What "Take It Slow" & "Friends First" Actually Means




Gena asks: I am new to dating apps and feeling very confused. I would appreciate any insights or advice that readers have. I have had 1-2 dates with 3 men who seemed anxious to date me based upon my photos (all current) but once we went out they said there was no chemistry. These men had all stated in their bios that they wanted to start as friends and take it slow which is exactly how I felt. I had weeded out men with profiles that just didn’t match mine or who didn’t meet my minimum standard for health and fitness. I am also quite active and adventurous and participate in a lot of outdoor activities and travel. I have only gone out with men who stated similar interests and values in their profiles. After e-mailing, texting and talking on the phone they still wanted to go out with me. When we went out we did fun things together – hiking canoeing, bicycling and conversation seemed to flow. We seem to have similar values. None of the men made me want to hop into bed with them but I enjoyed their company enough to want to see them again. They all stated that they had a good time. They had laughed and talked a lot when we were together. I’m wondering what I am doing wrong. One obvious thing that I can put my finger on is that I didn’t flirt. I think it is either that or I look a lot worse than I think I do. I’m thinking that men and some women want to feel like teenagers again. They aren’t truly looking for a life partner but for someone to make them feel young. So now I’m watching youtube videos where people in their teens and twenties demonstrate flirting techniques. I’m going to try some of them with my next date and see what happens.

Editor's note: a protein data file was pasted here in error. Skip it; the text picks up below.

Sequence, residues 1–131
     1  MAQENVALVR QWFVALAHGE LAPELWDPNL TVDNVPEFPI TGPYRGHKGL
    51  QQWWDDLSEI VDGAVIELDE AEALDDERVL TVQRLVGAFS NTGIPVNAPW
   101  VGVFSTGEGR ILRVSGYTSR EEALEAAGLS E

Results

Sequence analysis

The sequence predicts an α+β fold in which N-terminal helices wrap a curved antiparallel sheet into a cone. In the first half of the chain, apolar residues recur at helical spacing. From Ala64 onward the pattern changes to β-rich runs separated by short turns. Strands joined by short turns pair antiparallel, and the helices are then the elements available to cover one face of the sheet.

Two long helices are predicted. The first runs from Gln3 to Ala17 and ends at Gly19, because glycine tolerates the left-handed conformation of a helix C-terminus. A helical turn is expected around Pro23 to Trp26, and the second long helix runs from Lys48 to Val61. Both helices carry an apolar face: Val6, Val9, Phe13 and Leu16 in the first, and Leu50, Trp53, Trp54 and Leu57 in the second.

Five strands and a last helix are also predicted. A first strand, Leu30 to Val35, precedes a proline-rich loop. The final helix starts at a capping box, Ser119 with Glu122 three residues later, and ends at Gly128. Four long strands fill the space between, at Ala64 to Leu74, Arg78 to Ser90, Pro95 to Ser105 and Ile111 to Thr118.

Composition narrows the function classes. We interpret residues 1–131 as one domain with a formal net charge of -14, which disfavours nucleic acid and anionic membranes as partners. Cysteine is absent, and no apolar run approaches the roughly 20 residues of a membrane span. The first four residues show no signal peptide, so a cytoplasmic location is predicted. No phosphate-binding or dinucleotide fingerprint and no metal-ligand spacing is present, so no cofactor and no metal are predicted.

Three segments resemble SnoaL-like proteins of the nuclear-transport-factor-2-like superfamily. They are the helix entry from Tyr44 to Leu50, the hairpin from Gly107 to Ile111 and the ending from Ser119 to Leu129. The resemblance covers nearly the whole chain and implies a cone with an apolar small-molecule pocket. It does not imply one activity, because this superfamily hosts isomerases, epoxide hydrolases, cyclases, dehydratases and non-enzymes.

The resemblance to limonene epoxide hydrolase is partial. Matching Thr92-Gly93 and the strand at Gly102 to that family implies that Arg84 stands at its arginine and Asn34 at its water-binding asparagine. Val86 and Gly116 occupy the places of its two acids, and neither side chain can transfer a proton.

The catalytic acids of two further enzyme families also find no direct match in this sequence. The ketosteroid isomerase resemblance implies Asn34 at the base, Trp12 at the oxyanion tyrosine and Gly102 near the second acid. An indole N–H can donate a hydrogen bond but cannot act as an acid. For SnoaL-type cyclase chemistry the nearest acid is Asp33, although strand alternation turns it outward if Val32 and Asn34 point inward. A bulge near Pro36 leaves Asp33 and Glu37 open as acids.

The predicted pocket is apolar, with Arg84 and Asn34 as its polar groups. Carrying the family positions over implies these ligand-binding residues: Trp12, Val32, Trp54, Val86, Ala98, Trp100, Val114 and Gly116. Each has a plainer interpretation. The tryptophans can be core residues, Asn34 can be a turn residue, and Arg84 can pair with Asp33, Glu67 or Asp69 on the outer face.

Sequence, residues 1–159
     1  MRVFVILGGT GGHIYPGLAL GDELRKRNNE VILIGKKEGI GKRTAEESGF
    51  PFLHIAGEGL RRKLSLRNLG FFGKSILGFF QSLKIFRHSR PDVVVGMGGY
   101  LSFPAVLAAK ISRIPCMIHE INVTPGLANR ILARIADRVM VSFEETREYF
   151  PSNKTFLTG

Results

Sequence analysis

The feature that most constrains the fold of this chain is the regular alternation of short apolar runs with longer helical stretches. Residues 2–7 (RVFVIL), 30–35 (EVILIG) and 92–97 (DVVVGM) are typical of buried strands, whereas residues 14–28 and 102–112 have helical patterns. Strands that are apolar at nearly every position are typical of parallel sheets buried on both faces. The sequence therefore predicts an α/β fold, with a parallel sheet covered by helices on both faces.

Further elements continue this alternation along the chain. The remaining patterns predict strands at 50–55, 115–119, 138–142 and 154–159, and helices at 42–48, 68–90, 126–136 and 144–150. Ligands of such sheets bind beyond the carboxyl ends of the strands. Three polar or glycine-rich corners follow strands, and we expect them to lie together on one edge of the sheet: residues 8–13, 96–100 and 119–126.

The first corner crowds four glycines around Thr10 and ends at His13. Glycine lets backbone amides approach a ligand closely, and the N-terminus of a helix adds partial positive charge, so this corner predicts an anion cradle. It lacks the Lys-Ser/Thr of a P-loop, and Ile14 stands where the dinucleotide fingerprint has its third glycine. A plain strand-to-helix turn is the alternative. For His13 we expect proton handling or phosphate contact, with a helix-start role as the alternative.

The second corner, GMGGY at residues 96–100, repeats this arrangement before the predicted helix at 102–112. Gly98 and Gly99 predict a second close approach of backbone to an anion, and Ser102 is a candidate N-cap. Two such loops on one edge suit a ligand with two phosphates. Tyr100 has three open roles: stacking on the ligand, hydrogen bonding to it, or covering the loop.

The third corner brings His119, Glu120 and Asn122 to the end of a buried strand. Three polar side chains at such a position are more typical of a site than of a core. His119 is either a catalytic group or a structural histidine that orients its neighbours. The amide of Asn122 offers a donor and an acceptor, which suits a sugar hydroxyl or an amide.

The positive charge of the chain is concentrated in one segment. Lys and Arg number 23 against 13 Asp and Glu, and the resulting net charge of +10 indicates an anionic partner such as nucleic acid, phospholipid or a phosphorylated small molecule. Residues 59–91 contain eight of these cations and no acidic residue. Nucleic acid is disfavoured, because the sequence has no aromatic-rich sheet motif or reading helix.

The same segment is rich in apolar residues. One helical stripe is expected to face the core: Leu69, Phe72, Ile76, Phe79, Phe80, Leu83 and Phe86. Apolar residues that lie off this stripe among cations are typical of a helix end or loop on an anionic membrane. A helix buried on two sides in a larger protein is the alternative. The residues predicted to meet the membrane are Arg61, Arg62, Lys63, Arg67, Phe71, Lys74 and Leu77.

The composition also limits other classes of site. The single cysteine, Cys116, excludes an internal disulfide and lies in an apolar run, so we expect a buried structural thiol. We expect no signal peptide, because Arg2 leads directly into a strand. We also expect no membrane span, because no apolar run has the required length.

It's never a bad move to try and learn new techniques, but I;m not sure that your flirting skills are the problem.


When I read "I want to be friends first" or "I want to take it slow" in a Tinder bio or Bumble profile, what I hear is, "I have no plans of committing any time soon." I also hear, "I'm more looking for people to go out with/have sex with than someone to date long-term."


Taking it slow is code for people who can't offer anything substantive at the moment but also don't want to sit home alone every night. I avoid the take-it-slowers as best I can, as I know they're going to end up being too much work. It's perfectly fine that they don't wish to commit or get into anything serious, it's how they communicate that objective that I find misleading. For the record, women also use this phrase in their profile. Like their male counter-parts, they're using the excuse as a way to inform their match of what's to come: a series of dates that go no where and involve no physical intimacy or affection. You know...like friends. Because that's what people want when they use a dating site or dating app.


Friends.


The "friends first" people are "take it slow" adjacent, as the latter actually want to have sex. They're using dating apps to cultivate a roster of people to hang out with, but not necessarily date.


So, Gena, the likely answer to your issue isn't that you weren't flirty or interesting enough but that the men you went out with were looking for something physically intimate. They likely bailed because they sensed right away that sex wouldn't happen with you for the foreseeable future.


It's not you. It's them.

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